On 11 September 2017, BBM filed his Compliance and provided the PET with his list of witnesses for Basilan, Lanao del Sur and Maguindanao. He also reserved his right to present additional witnesses and made a formal request for the issuance of subpoenas duces tecum as well as subpooenas testificandum for certain individuals.
On 13 September 2017, BBM received a Manifestation with Urgent Ex-Parte Motion from Robredo wherein she asked the PET to clarify whether BBM should pay for the monthly expenses incurred by COMELEC for the lease of its Sta. Rosa, Laguna, warehouse. She also wanted to know whether BBM should pay for the costs of the Voting Counting Machines (VCMs) because of COMELEC’s contract with Smartmatic.
It must be noted that in the PET’s Resolution dated 29 August 2017, the Tribunal ruled that the monthly expenses of the Sta. Rosa, Laguna warehouse “are not incidental to the retrieval and transportation of ballot boxes to the Tribunal in connection with the instant Protest and Counter-Protest. Hence, there would be no occasion for the Tribunal to charge the same against either of the cash deposits of protestant or protestee.”
With regard to the VCMs in question, the PET already stated that, “Given the collateral nature of protestee’s inquiry, the Tribunal finds such matter to be outside the issues posed in the instant Protest and Counter-Protest. Such matter is more properly within the competence of COMELEC to address. Besides, there is no showing at this time that COMELEC is already demanding such amount from protestee pursuant to the AES Contracts.”
On 12 September 2017, BBM received a Notice from the PET wherein it resolved to:
1. Note the Counter-Manifestation filed by BBM dated 22 August 2017; and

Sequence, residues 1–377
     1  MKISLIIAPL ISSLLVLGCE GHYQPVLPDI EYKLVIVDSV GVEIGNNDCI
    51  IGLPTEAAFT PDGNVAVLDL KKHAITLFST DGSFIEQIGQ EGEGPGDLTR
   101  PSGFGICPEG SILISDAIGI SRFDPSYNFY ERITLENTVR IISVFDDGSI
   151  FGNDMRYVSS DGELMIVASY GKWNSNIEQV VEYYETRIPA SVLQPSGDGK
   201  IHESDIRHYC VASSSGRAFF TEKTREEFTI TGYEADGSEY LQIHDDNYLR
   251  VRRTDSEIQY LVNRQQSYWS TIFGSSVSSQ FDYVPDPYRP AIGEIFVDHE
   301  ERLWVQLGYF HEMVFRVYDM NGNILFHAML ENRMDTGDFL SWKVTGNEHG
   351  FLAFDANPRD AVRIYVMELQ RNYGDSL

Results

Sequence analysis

2. Note the Letter from COMELEC regarding the immediate turn-over of its offices located at the ground floor, Palacio del Gobernador Building in Intramuros, Manila because the same would be use by the Office of the President. It also Granted the transfer of the election materials presently stored at the said offices to another location within the COMELEC premises provided that prior notice be given to all the parties in interest so they can observe and participate in the said activities;
On 15 September 2017, BBM filed a Partial Motion for Reconsideration with regard to the PET’s denial of his Motion for Technical Examination dated 10 July 2017.
BBM explained that the technical examination he requested would be limited to comparing the voters’ signatures appearing on the Election Day Computerized Voters List (EDCVL) as against the voters’ signatures appearing on the Voter’s Registration Records (VRRs). He argued that the technical examination involved for the annulment of elections in the provinces of Basilan, Lanao del Sur and Maguindanao is entirely different from the manual recounting of votes in the 3 pilot provinces of Camarines Sur, Iloilo and Negros Oriental. BBM also expressed his willingness to shoulder the administrative expenses that may be incurred for the said technical examination.
In the same Motion, BBM reiterated his previous request that the PET create two (2) additional panels of Commissioners to be assigned to a specific cause of action. The creation of additional panels would not only be beneficial to the PET during the reception of evidence at the trial proper but, more importantly, it would definitely help in speeding up the resolution of the election protest.
On 15 September 2017, BBM filed his Comment to the Preliminary Conference Order and manifested that the said Order faithfully reflected the submissions and reservations he made in his Preliminary Conference Brief and Comment to the Preliminary Conference Guide.
On 15 September 2017, BBM filed his Comment to the Motion for Reconsideration of Zorayda Amelia Alonzo et al. and concurred with the PET’s decision denying their Urgent Motion for Leave to File and Admit Petition-In-Intervention.
BBM emphasized that an election protest is “strictly a contest between the defeated and the winning candidates, based on the grounds of electoral frauds or irregularities.” Therefore, it would be highly unprocedural to allow third parties to intervene in his election protest.
After 63 weeks (or roughly 445 days), we are still waiting for the PET :
• to issue a Retrieval Order [per undertaking # 7 of 21]
• to conduct the manual recounting of votes [per undertaking # 11 of 21]